"It looks like St. Luke's is undergoing a religious conversion," healthcare economist Adam Powell said in an email exchange with HealthLeaders Media. "Money resulting from the sale of the health system will be used to both create a fund to meet the needs of the underserved and to improve the health system's facilities."
The St. Luke's Episcopal Health System Board needed 11 months to cull through 30 prospective partners. The list was narrowed to three finalists last month and the board approved the CHI deal last week, citing the two systems' cultural compatibility, CHI's commitment to continuum of care, and its avowed respect for "the people who made St. Luke's what it is today," the systems said.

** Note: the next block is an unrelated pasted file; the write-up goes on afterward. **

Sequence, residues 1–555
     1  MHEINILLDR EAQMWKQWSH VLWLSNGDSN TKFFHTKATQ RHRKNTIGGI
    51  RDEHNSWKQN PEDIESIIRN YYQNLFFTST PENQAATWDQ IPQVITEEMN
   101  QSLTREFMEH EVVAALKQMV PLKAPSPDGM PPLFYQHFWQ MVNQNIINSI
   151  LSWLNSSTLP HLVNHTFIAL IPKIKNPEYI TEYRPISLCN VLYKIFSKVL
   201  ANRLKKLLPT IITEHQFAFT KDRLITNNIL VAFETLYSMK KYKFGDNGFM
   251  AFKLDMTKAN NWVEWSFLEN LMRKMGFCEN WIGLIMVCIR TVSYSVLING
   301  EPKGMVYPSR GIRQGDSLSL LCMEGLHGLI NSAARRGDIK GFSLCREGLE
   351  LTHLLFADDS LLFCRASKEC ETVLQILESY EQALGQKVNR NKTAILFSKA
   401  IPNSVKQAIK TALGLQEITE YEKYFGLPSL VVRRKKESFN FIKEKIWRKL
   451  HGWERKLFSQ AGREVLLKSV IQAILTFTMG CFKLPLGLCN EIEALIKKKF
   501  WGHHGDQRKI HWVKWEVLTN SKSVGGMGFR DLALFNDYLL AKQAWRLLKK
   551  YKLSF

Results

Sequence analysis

"Given the margin pressures being felt in healthcare and the age St. Luke's facilities, this transaction provides a needed injection of capital," Powell says. "Catholic Health Initiatives has historically lacked a Texas presence, and this purchase enables them to enter the market. While alternative purchasers were available, St. Luke's avoided potential anti-trust concerns by picking an outside suitor," says Powell, president of Boston-based consultants Payer+Provider Syndicate.
CHI is the nation's second largest faith-based health system with 78 hospitals and other facilities operating in 17 states. The deal comes weeks after CHI and Vancouver, WA-based Peace Health cancelled merger talks. Tony Kong, director, Healthcare & Life Sciences at consultants West Monroe Partners LLC, says CHI has been actively looking to grow and expand its portfolio of faith-based hospital systems.